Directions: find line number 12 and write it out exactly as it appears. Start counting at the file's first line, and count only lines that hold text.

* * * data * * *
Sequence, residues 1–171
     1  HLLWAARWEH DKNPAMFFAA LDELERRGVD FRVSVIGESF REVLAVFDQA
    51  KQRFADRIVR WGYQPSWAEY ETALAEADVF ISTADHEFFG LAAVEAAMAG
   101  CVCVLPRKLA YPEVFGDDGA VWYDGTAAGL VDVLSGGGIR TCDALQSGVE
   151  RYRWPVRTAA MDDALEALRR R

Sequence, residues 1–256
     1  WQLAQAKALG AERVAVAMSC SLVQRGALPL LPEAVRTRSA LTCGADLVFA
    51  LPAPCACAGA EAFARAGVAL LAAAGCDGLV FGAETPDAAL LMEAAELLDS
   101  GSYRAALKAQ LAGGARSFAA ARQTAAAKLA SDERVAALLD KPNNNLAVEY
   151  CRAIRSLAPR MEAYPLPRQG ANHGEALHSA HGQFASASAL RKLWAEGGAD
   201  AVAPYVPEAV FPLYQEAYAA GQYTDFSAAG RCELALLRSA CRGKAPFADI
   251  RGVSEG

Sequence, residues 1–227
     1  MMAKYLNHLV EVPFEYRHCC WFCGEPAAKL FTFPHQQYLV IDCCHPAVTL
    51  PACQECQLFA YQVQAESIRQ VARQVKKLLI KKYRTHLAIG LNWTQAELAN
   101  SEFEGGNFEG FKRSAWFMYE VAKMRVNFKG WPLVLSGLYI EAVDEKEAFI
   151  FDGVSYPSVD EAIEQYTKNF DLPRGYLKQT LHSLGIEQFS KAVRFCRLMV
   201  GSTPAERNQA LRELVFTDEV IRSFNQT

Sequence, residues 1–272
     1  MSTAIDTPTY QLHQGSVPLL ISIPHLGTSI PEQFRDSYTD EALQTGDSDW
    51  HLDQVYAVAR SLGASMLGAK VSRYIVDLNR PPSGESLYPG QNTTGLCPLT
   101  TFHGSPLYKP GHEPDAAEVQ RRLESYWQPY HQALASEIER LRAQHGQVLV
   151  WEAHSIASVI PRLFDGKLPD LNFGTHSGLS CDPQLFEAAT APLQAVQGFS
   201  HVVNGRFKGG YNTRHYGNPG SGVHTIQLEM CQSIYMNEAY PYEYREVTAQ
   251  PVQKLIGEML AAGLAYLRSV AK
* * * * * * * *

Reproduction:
   251  RGVSEG